County's region champs bow out at states

May 27, 2011|By DAN KAUFFMAN |
  • South Hagerstown's Tinuke Adetunji follows through on a shot during her 6-4, 7-6 (5) first-round victory over Hammond's Corinne Zahlis on Friday at the Maryland State Tennis Tournament at the University of Maryland in College Park.
By Kevin G. Gilbert/Staff Photographer

COLLEGE PARK, Md. — Washington County’s four Region I tennis champions were eliminated on the first day of the Maryland State Tournament on Friday at University of Maryland-College Park.

South Hagerstown senior Tinuke Adetunji reached the girls singles quarterfinals, as did North Hagerstown’s boys doubles team of senior Eric Harrison and freshman Teddy Schoeck. Boonsboro’s girls doubles team of seniors Alice D’Alauro and Erin Scally, and Clear Spring’s mixed doubles team of junior Zac O’Neal and senior Megan Crowl, each lost in the first round.

* Adetunji opened her first appearance at states by defeating Corinne Zahlis of Hammond 6-4, 7-6 (5) in her opening match.

Adetunji opened up leads of 5-2 in the first set and 4-0 in the second set by playing more consistently than Zahlis. Zahlis raised her level — playing aggressive, attacking tennis — to win five straight games and take a 5-4 lead in the second set. But Adetunji battled to pull the set out in a tiebreaker to advance.

“It was a lot mental,” said Adetunji. “My whole thing was consistency, just trying to get the ball in play and play good defense. (The win) feels really good.”

In the quarterfinals, Adetunji took a set from second-seeded Heather Fantry of Towson, but Fantry played smart, controlled tennis in the first and third sets and ended Adetunji’s run at states, 6-2, 2-6, 6-1.

“That’s why (Fantry) is the No. 2 seed, she’s just extremely consistent and she plays smart directional tennis,” Rebels coach Jason Kamler said. “You don’t have to be overpowering if you play smart tennis.”

Fantry controlled much of the match with her left-handed forehand. Adetunji gave Fantry problems with her two-handed backhand — especially in the second set — but Adetunji never got her forehand working and Fantry played very clean tennis early and late to get the win.

“Overall, it was a great experience, being here and getting to showcase my skills,” said Adetunji, who finished the season with a 20-4 record and the regional title.

* Harrison and Schoeck looked like they’d win their first-round match against Liberty’s A.J. Robbins and Andy Boyer easily after cruising in the first set.

It turned out to be anything but easy, but Harrison and Schoeck got the job done by rallying from 4-1 down in the third set for a 6-1, 6-7 (2), 7-5 victory.

“We just didn’t want to lose,” said Harrison. “The first set, we were hitting crisp volleys, we weren’t popping them up and giving them any chances, we were putting them away.”

Harrison and Schoeck were down two breaks, 5-2, in the second set before rallying to force a tiebreaker, but Robbins and Boyer scored six straight points in the tiebreaker on the way to forcing the third set.

“Down 4-1 in the third, that’s hardcore to come back,” Hubs coach Kevin Reynolds said. “After winning the first set 6-1, to lose the second and be down like that, it’s depressing. But they kept fighting.”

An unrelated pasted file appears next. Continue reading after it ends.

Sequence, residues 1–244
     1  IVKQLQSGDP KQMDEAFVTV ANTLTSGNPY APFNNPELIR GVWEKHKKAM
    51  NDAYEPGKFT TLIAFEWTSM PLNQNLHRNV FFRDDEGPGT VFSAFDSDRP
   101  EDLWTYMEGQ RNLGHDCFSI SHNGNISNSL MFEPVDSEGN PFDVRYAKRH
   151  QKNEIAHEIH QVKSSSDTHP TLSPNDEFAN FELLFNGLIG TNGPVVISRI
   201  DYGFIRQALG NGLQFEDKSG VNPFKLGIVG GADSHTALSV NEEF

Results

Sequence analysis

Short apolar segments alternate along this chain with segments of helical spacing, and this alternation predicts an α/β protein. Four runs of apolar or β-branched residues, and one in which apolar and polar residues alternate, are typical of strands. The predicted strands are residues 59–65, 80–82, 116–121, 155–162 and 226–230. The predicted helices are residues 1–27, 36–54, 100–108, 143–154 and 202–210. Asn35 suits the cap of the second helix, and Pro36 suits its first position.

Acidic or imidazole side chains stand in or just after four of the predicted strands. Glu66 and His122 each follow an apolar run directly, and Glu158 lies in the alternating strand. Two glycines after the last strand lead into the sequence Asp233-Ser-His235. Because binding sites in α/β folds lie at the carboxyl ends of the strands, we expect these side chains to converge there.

However, Harrison and Schoeck ran into Franklin’s third-seeded team of Ray Trogan and Josh Segal in the quarters. Harrison and Schoeck had a 5-3 lead in the first set, but Trogan and Segal turned their game up several notches and won 10 of the final 12 games for a 7-5, 6-2 victory.

“They were a lot more consistent once they started realizing they could lose the (first) set,” Schoeck said.

“They got beat by a really good team,” Reynolds said. “Shots (Harrison and Schoeck) hit that would win in the county, they weren’t good enough against them.”

* O’Neal and Crowl made their second appearance at states, entering as the third seed after blasting through the county and regional tournaments. But Wilde Lake’s Daniel Evans and Melissa Barrall outplayed the Blazers’ duo to score a 6-4, 7-5 upset.

“Me and Megan were making a lot of mistakes, and they were playing off of them,” O’Neal said. “Same thing happened last year. We swept through counties and regionals and I think we thought we’d do the same thing here. The draw looked easy, but it wasn’t.”

Evans in particular was tough. He could hit his lefty forehand with pace and control, and had the athleticism to play well both defensively and at the net.

“He played the net very well, and I think we were a little tight,” Clear Spring coach Lisa Shives said. “They had a great season.”

“We walked on the court with nerves, not confidence, and that got the best of us,” Crowl said. “It was completely our fault. ... We had a good season. I’d rather end it at states than counties.”

* D’Alauro and Scally — who entered their first-round match against Broadneck’s Danielle Naftali and Allie Burt with a 23-0 record — suffered a 6-2, 7-6 (6) setback. D’Alauro and Scally both said a three-and-a-half-hour wait to get on court played a role.

“I was tired before I got on the court,” Scally said. “I tried to find a shady place and take a nap. I psyched myself out.”

“I felt like I had no muscle at all, after waiting in the heat to play,” D’Alauro said. “I was beat.”

After a rough first set, D’Alauro and Scally fought back form down a break at 4-2 in the second set to win three straight games and serve for the set at 5-4. But Naftali and Burt broke back, then prevailed in a tight tiebreaker. D’Alauro and Scally had set point at 6-5 in the tiebreaker, but Naftali and Burt won the final three points.

“They had a great season,” said Warriors coach Frank McAdoo. “They worked hard every day and stayed focused, and they were confident in each other.”

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